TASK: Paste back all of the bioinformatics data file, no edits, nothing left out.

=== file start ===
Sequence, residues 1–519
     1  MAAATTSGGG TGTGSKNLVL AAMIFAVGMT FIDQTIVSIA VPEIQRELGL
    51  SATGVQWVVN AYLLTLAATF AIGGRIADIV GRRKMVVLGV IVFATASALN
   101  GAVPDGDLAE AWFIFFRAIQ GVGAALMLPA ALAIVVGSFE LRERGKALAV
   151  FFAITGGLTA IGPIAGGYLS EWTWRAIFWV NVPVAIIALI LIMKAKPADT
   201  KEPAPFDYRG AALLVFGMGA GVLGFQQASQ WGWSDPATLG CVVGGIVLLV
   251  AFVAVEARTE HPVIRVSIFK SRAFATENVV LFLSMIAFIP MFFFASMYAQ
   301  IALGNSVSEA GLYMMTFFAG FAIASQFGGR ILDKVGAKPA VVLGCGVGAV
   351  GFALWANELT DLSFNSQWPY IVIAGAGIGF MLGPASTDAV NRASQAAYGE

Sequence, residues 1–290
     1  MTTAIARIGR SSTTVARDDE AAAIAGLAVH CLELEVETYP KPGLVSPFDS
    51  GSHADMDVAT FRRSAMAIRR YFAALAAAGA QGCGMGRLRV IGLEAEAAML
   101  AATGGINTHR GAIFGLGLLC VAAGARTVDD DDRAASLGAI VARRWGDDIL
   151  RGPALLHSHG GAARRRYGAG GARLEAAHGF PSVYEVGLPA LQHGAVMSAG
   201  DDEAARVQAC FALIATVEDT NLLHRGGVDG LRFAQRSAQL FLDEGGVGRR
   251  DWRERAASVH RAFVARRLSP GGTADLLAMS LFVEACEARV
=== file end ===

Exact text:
Sequence, residues 1–519
     1  MAAATTSGGG TGTGSKNLVL AAMIFAVGMT FIDQTIVSIA VPEIQRELGL
    51  SATGVQWVVN AYLLTLAATF AIGGRIADIV GRRKMVVLGV IVFATASALN
   101  GAVPDGDLAE AWFIFFRAIQ GVGAALMLPA ALAIVVGSFE LRERGKALAV
   151  FFAITGGLTA IGPIAGGYLS EWTWRAIFWV NVPVAIIALI LIMKAKPADT
   201  KEPAPFDYRG AALLVFGMGA GVLGFQQASQ WGWSDPATLG CVVGGIVLLV
   251  AFVAVEARTE HPVIRVSIFK SRAFATENVV LFLSMIAFIP MFFFASMYAQ
   301  IALGNSVSEA GLYMMTFFAG FAIASQFGGR ILDKVGAKPA VVLGCGVGAV
   351  GFALWANELT DLSFNSQWPY IVIAGAGIGF MLGPASTDAV NRASQAAYGE

Sequence, residues 1–290
     1  MTTAIARIGR SSTTVARDDE AAAIAGLAVH CLELEVETYP KPGLVSPFDS
    51  GSHADMDVAT FRRSAMAIRR YFAALAAAGA QGCGMGRLRV IGLEAEAAML
   101  AATGGINTHR GAIFGLGLLC VAAGARTVDD DDRAASLGAI VARRWGDDIL
   151  RGPALLHSHG GAARRRYGAG GARLEAAHGF PSVYEVGLPA LQHGAVMSAG
   201  DDEAARVQAC FALIATVEDT NLLHRGGVDG LRFAQRSAQL FLDEGGVGRR
   251  DWRERAASVH RAFVARRLSP GGTADLLAMS LFVEACEARV